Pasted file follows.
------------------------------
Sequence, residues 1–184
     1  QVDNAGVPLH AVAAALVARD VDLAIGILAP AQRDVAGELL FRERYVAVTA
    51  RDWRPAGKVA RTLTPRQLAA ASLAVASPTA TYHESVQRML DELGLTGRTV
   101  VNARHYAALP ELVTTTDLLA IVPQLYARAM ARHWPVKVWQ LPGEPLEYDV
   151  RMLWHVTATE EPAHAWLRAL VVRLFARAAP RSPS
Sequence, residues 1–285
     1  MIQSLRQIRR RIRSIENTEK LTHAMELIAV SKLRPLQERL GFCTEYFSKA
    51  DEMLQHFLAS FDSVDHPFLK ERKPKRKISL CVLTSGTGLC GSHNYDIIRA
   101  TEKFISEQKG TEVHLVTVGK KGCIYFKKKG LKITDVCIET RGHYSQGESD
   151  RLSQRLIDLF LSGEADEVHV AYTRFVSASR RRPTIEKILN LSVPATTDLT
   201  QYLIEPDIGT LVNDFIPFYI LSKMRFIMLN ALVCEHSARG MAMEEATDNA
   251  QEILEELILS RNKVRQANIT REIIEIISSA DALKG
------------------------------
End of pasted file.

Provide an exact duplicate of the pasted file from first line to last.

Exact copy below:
Sequence, residues 1–184
     1  QVDNAGVPLH AVAAALVARD VDLAIGILAP AQRDVAGELL FRERYVAVTA
    51  RDWRPAGKVA RTLTPRQLAA ASLAVASPTA TYHESVQRML DELGLTGRTV
   101  VNARHYAALP ELVTTTDLLA IVPQLYARAM ARHWPVKVWQ LPGEPLEYDV
   151  RMLWHVTATE EPAHAWLRAL VVRLFARAAP RSPS
Sequence, residues 1–285
     1  MIQSLRQIRR RIRSIENTEK LTHAMELIAV SKLRPLQERL GFCTEYFSKA
    51  DEMLQHFLAS FDSVDHPFLK ERKPKRKISL CVLTSGTGLC GSHNYDIIRA
   101  TEKFISEQKG TEVHLVTVGK KGCIYFKKKG LKITDVCIET RGHYSQGESD
   151  RLSQRLIDLF LSGEADEVHV AYTRFVSASR RRPTIEKILN LSVPATTDLT
   201  QYLIEPDIGT LVNDFIPFYI LSKMRFIMLN ALVCEHSARG MAMEEATDNA
   251  QEILEELILS RNKVRQANIT REIIEIISSA DALKG